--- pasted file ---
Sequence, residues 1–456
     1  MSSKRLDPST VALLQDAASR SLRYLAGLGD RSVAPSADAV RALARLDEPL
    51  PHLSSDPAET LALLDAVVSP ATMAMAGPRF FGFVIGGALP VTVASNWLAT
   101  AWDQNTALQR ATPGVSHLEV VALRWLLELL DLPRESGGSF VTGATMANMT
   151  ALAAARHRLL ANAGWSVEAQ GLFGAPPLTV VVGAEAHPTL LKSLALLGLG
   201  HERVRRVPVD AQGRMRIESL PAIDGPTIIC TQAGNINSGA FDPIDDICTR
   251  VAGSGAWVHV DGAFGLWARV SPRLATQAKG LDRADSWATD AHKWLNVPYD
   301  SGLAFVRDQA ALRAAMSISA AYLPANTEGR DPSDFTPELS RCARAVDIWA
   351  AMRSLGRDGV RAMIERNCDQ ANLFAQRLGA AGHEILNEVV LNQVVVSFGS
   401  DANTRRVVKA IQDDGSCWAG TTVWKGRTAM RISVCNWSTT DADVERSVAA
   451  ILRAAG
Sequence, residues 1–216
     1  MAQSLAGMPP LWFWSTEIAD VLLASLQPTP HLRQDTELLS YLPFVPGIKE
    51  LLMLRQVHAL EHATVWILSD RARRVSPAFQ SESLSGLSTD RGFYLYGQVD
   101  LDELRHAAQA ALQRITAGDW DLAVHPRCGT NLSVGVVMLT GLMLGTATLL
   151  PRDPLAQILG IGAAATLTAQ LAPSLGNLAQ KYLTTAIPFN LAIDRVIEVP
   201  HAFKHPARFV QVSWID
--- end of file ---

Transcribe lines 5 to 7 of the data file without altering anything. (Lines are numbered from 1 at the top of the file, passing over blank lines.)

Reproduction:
   151  ALAAARHRLL ANAGWSVEAQ GLFGAPPLTV VVGAEAHPTL LKSLALLGLG
   201  HERVRRVPVD AQGRMRIESL PAIDGPTIIC TQAGNINSGA FDPIDDICTR
   251  VAGSGAWVHV DGAFGLWARV SPRLATQAKG LDRADSWATD AHKWLNVPYD